The European Commission is being urged to require U.S. citizens to obtain visas for travel to Europe in an effort to obtain full visa waiver reciprocity for all European Union (EU) nations.

Currently, five EU nations are not eligible to travel to the U.S. under the visa waiver program: Bulgaria, Croatia, Cyprus, Poland and Romania.  Citizens of these countries must obtain visas from a U.S. Consulate or Embassy abroad before visiting the United States.

In response, the European Parliament has approved a non-binding resolution urging the European Commission to temporarily suspend visa-free travel of U.S. citizens to EU countries.  If adopted, U.S. citizens would be required to obtain visas for travel to Europe until the United States extends the visa waiver program to all EU nations.

The resolution cites a rule requiring the European Commission to take action within two years against any country that fails to provide full visa reciprocity for EU nations.  The European Commission notified the U.S. in April 2014, so the two-year “warning period” has expired.  At the same time, Canada, Australia, Brunei and Japan were also notified of their failure to provide full reciprocity.  Australia, Brunei and Japan have since extended visa-free travel to all EU nations, and Canada has agreed to do so later this year.

The European Parliament has urged the Commission to take action to suspend visa-free travel for U.S. citizens within two months, but it remains unclear if this will happen.  The European Commission has apparently expressed concern that imposing visa requirements on American travelers to Europe will negatively affect both tourism and trade and, as a result, the European economy.  If the resolution is adopted within the requested timeframe, it may be just in time for the busy summer travel season.

Mintz Levin will monitor this situation and provide further updates as they become available.

The United Kingdom (England, Scotland, Wales, and Northern Island) went to the polls June 23rd and voted to leave the European Union. Some pro-leave “Brexit” campaigners argued for the ability to limit migration of EU workers as an important issue in the run-up to the referendum.  But what practical effect would a UK exit from the EU have on immigration to that country?  Continue Reading Brexit: Immigration consequences to the UK leaving the EU?

Kings Cross Station, London (Shutterfly)
Kings Cross Station, London (Shutterfly)

From: Ned Help

To: Carrie Counselor

Subject:  Lost laptop containing European customer information

Carrie,

A couple of weeks ago, you wrote me about an employee who will be engaging in a six-month temporary assignment around Europe to scope market opportunities. The employee was Abbie Absent-Minded.  Well, we hit a snag pretty quickly.  Abbie just e-mailed me to say that she left her laptop on a train in London last evening and it hasn’t turned up yet in the train company’s lost-and-found.  It was a brand-new laptop that we had given her for her European assignment, so fortunately it didn’t have a lot on it.  Abbie said that the laptop had contact information for her various marketing prospects, plus some sample customer data that she was given by one of her prospects to use in a demo of our web-based advertising product.  She thinks that the customer data included around 200 records with the customer’s name, age, gender, e-mail address and the history of purchases that the customer made from our prospective client’s retail stores.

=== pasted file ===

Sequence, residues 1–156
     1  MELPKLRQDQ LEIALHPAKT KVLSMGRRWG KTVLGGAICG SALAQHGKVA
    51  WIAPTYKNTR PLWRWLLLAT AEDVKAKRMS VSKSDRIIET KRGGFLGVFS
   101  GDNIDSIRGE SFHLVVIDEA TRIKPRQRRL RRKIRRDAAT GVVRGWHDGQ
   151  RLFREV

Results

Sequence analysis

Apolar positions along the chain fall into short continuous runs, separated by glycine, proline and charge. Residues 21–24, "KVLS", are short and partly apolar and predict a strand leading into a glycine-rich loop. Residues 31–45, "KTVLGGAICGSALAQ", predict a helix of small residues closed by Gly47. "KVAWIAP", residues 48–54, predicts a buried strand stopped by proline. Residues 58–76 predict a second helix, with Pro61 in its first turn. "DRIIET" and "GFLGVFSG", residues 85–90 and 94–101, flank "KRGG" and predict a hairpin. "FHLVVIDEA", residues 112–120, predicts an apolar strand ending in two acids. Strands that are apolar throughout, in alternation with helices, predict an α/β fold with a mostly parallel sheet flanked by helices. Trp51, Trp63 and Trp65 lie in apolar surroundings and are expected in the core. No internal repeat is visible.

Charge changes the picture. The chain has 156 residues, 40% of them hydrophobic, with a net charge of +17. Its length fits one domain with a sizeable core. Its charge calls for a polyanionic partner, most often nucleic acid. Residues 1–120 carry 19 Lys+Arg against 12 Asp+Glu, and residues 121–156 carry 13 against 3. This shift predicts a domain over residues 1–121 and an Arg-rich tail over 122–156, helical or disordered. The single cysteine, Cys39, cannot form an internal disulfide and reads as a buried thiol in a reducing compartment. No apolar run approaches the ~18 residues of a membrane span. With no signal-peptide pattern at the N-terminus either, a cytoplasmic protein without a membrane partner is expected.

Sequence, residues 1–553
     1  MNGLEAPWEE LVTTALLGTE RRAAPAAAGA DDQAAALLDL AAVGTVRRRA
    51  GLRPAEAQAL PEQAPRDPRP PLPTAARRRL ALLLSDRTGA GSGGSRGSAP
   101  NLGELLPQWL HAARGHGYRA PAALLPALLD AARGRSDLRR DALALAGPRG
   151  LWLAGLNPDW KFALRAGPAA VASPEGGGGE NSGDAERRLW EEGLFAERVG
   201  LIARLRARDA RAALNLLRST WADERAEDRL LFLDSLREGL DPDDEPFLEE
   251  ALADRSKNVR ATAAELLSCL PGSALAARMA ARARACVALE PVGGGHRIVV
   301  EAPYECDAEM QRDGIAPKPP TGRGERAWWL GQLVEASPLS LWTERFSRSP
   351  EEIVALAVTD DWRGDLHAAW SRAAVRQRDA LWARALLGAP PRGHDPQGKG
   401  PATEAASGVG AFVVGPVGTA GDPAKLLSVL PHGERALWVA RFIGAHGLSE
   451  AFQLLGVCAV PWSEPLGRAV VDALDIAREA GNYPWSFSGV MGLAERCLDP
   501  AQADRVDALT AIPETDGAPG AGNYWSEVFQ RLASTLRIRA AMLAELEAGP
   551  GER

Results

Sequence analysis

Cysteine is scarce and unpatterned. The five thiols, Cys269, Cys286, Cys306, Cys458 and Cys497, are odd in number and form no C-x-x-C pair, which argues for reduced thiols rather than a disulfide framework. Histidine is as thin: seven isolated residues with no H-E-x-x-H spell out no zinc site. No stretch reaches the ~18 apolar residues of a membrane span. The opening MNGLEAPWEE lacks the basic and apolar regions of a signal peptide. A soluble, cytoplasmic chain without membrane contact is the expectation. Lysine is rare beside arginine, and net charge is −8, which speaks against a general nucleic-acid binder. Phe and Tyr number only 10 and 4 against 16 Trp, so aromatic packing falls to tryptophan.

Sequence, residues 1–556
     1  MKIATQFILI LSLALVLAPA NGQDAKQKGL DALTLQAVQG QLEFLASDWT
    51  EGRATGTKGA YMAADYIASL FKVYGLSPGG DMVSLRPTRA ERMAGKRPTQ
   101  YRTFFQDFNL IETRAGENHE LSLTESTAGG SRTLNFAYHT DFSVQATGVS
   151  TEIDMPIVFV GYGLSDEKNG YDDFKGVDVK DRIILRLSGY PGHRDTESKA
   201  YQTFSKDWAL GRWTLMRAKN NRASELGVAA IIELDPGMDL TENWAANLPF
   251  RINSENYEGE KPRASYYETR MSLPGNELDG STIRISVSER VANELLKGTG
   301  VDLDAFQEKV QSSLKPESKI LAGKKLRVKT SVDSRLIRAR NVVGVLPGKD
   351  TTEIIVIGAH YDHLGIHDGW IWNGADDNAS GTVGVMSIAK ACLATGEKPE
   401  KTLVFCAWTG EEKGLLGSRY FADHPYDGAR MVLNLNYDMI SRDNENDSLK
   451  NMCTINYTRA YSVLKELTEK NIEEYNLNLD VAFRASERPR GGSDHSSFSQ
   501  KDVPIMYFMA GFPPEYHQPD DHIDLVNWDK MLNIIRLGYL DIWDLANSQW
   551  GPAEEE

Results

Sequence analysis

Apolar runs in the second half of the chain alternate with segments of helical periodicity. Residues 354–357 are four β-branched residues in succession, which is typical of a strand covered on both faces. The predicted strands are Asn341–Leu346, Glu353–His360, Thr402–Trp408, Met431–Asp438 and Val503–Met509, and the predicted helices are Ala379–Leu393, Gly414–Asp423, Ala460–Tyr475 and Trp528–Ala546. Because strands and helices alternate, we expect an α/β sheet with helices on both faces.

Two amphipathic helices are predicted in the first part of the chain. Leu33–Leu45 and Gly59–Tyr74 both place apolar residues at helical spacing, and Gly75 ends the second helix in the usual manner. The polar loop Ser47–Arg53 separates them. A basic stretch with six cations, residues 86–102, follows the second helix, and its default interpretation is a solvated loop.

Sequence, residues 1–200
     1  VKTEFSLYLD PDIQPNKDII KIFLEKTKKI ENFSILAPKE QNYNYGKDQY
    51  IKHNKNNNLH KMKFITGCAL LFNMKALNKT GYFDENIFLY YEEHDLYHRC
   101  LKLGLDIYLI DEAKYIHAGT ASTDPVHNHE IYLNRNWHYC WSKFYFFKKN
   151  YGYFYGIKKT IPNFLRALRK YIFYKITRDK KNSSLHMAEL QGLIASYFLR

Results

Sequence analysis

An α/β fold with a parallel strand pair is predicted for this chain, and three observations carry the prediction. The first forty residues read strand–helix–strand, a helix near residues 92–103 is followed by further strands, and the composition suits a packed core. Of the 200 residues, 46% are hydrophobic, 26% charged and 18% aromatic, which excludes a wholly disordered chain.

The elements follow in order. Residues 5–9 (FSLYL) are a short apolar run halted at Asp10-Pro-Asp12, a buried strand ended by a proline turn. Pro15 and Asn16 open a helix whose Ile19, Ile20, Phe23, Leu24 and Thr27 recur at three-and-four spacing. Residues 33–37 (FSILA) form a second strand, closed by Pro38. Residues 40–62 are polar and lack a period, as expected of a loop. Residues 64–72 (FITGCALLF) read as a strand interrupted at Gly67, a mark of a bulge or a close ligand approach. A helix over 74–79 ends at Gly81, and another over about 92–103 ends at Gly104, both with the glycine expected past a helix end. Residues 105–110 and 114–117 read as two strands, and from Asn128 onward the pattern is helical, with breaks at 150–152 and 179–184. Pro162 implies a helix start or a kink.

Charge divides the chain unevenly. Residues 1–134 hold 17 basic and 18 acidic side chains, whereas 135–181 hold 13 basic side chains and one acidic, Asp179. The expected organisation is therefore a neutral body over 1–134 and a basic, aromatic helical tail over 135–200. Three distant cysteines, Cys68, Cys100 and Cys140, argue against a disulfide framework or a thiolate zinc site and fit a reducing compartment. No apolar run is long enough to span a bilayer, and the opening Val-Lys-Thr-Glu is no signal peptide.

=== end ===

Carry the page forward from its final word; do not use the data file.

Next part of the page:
I assume that we should tell our prospective client that the laptop with their customer data was lost.  What else do we need to think about?

Thanks,

Ned


Continue Reading Innocents Abroad: Lost laptop with customer data

From: Carrie Counselor

To: Ned Help

Subject: RE: Privacy considerations for employees working abroad

Dear Ned,

I understand that one of your employees will be engaging a six-month temporary assignment around Europe to scope market opportunities, and you’d like to have a better understanding of what to be thinking about in terms of privacy.  Great question!  This is an area where many employers struggle because other jurisdictions protect privacy and personal data quite differently than we do here in the United States. Continue Reading Innocents Abroad: Privacy considerations for employees working abroad

Canada has mandated registration in a new electronic travel authorization program (“eTA”) for many individuals who do not require visas to travel to Canada. Introduced in August 2015, the program becomes mandatory for many visa-exempt individuals traveling to Canada by air on or after March 15, 2016. Individuals traveling to Canada by land or sea are exempt from registering. Citizens of the United States are exempt from the eTA system regardless of whether they travel to Canada by air, land, or sea.  Continue Reading Canada Mandates New Electronic Travel Authorization Program